Quitline was launched in 1999, offering advice and low-cost nicotine replacement therapy to smokers wishing to quit. Trained advisors can help by giving practical tips and strategies, as well as offering emotional support. These reports look in-depth at Quitline and its services.
In May 2014 Quitline an exploratory project to investigate a shared care approach to improve Māori and Pacific quit rates and increase collaboration between Quitline and face-to-face (F2F) cessation providers.
In 2015, Quitline decided to lead a Whānau Hauora Marquee at the Rātana Pā celebrations and invited other health organisations with an interest in Māori health to participate, thereby offering attendees access to a wide variety of health services and information. Following the event we developed a report to evaluate the success of the 2015 Rātana Pā Whānau Hauora Marquee and offer a case study for how the Hauora model may be used at other events in the future.
In May 2012, Allen and Clarke was asked by the Quit Group to undertake an environmental scan to inform
its future strategic direction.
This is a continuation of the survey below. The aim of this research, which was carried out by Gravitas Research and Strategy Limited, was to measure the effectiveness of the Quitline service. For the first time, the evaluation looked at how all of Quitline’s services including phone, online, blog, text, online coaching and emails, support successful quitting.
The aim of this research, which was carried out by Gravitas Research and Strategy Limited, was to measure the effectiveness of the Quitline service. For the first time, the evaluation looked at how all of Quitline’s services including phone, online, blog, text, online coaching and emails, support successful quitting. The main finding was that 24.2% of people who quit smoking with Quitline in the 2011/2012 year were still smokefree after six months. In 2007, the last time a similar evaluation was conducted, the result was 20.9% - a clear improvement to the Quitline quit rate has been achieved.
This survey is a follow-up to October 2010 tobacco tax evaluation. The aim of the 2011 research was to gain an understanding of the extent to which the tax increase on tobacco is a factor in influencing quitting outcomes in the longer term. The same people who participated in the October 2010 survey were recontacted six months after their registration with Quitline.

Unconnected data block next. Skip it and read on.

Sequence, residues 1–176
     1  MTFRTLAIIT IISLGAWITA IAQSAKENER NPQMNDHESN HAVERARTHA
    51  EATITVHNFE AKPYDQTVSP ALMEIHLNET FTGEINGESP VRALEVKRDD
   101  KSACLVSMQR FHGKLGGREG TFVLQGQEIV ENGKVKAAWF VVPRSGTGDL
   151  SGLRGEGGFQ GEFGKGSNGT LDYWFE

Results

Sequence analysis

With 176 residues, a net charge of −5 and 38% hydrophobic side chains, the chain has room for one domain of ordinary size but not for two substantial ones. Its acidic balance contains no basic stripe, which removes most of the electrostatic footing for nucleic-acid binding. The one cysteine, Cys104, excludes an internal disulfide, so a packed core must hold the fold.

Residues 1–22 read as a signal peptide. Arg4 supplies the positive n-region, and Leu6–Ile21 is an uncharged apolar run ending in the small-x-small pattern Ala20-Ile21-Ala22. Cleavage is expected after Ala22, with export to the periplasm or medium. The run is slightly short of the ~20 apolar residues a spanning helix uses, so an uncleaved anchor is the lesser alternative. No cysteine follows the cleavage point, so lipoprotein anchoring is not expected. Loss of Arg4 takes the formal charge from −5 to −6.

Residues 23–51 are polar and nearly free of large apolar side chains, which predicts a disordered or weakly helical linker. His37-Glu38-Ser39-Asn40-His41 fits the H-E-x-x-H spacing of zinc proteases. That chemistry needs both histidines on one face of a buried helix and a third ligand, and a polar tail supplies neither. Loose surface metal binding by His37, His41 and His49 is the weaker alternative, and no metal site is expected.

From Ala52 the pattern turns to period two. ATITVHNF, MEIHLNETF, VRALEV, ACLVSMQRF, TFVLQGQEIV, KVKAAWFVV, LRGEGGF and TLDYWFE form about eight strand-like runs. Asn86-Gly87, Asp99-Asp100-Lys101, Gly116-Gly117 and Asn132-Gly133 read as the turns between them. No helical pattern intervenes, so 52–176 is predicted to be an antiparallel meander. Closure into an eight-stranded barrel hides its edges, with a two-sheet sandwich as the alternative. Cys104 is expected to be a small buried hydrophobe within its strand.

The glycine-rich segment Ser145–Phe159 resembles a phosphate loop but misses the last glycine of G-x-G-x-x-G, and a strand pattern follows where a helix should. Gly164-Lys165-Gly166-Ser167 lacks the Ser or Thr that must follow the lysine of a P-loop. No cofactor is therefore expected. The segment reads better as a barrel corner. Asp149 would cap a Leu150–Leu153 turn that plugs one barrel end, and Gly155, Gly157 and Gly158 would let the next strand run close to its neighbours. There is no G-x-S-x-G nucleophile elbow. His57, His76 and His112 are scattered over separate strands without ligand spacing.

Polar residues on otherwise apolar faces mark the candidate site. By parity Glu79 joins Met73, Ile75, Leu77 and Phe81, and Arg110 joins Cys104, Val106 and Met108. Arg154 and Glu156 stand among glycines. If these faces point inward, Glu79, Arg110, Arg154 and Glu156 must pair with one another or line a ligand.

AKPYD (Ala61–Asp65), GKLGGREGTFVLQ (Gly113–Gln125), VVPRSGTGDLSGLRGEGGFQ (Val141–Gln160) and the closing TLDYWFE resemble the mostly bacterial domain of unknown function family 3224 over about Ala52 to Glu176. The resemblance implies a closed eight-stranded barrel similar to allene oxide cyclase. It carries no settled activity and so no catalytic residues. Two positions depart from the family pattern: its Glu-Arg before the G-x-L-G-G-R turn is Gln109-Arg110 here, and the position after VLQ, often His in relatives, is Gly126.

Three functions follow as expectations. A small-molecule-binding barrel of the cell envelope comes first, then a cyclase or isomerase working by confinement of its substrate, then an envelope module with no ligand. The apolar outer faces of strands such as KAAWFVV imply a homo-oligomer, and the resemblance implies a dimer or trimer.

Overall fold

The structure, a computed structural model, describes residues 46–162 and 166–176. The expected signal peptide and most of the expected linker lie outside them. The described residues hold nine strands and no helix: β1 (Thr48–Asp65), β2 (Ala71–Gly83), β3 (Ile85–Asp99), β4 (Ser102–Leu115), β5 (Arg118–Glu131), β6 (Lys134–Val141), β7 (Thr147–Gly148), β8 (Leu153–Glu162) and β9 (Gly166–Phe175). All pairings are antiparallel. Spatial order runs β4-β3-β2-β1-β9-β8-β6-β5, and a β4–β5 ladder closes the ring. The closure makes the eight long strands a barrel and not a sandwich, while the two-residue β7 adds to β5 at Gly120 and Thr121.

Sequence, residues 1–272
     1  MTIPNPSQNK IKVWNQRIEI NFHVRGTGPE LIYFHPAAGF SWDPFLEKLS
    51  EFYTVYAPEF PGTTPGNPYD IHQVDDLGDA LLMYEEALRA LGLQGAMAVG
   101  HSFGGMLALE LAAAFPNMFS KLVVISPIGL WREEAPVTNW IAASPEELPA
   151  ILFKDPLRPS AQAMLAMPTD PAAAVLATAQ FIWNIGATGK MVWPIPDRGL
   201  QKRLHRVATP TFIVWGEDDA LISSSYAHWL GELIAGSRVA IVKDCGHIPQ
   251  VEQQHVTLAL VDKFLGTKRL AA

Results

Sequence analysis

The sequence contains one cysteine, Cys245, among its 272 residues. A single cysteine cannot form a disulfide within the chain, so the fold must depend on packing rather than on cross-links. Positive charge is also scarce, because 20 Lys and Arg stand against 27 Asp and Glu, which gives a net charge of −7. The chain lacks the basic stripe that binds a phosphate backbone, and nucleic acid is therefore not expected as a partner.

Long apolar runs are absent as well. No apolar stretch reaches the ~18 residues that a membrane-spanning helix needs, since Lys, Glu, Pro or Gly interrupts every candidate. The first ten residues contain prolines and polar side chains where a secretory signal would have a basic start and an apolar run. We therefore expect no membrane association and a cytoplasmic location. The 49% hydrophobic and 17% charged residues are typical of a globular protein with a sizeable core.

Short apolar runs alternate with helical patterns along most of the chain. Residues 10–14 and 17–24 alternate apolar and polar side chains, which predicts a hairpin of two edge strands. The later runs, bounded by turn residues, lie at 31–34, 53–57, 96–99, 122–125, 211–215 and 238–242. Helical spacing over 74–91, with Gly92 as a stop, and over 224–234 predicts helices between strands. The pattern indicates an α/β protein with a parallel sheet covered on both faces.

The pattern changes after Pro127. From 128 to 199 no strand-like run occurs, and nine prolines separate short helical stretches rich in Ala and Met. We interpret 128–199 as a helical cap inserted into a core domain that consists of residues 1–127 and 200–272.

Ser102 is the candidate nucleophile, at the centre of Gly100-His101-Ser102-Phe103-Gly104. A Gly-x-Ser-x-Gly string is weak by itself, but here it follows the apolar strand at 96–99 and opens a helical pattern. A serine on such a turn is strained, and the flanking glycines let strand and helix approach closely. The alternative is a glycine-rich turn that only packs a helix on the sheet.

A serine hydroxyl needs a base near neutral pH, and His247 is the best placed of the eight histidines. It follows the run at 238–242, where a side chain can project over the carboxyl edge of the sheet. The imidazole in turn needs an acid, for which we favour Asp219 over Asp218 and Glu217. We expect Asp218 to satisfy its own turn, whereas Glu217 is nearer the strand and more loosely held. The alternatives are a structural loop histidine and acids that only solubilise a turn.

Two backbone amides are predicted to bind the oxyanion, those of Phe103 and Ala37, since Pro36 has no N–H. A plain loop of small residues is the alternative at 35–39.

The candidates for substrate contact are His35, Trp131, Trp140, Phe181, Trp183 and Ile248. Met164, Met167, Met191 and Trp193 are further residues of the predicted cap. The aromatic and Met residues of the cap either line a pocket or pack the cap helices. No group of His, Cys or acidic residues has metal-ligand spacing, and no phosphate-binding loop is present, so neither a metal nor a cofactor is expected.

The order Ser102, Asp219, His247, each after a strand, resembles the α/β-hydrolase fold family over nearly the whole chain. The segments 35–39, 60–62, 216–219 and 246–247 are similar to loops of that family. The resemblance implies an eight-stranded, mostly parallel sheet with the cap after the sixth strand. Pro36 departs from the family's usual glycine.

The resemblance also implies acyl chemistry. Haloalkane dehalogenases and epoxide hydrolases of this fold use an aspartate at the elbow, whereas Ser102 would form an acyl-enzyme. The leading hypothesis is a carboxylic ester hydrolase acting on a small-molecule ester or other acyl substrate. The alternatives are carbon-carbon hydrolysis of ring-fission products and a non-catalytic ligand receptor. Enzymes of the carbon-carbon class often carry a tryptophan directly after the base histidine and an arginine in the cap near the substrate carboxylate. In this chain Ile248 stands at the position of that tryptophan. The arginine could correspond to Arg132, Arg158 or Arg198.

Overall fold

On 28 April 2010 the Government announced a tax increase on roll-your-own tobacco and factory made cigarettes, with immediate effect. In the period following the tax increase, Quitline experienced a marked upsurge in the volume of callers. This report analyses the effect of the tax increase quit attempts and the impact on Quitline and Quitline clients.
2010 - Quitline Annual Monitoring Reports
Annual Quit service monitoring information. This report includes information on call volumes and quit attempts, as well as gender, ethnicity and age of Quitline, Web and Txt2Quit clients.
Full report into the characteristics and use of national Quit services by Asian smokers. Shows how smoking rates vary between different Asian ethnic groups - a growing population which will be of increasing significance in NZ.
Txt2Quit is a service aimed at helping smokers quit, using text messaging. Launched as a three-year pilot programme in June 2008, the service is focused particularly on 16-24 year olds, and is proving especially popular with Mā
ori and Pacific smokers.
In the first year, more than 4,000 people registered with the service. This report is an in-depth analysis of the service looking at who is using it, the way it works, success rates, and ways in which it can be improved.
A new evaluation of the Quitline shows that at least one in five registered users are successfully quit six months after registering with the service, and shows an overwhelming satisfaction with the service with 98% of those who have quit saying they would recommend Quitline to others.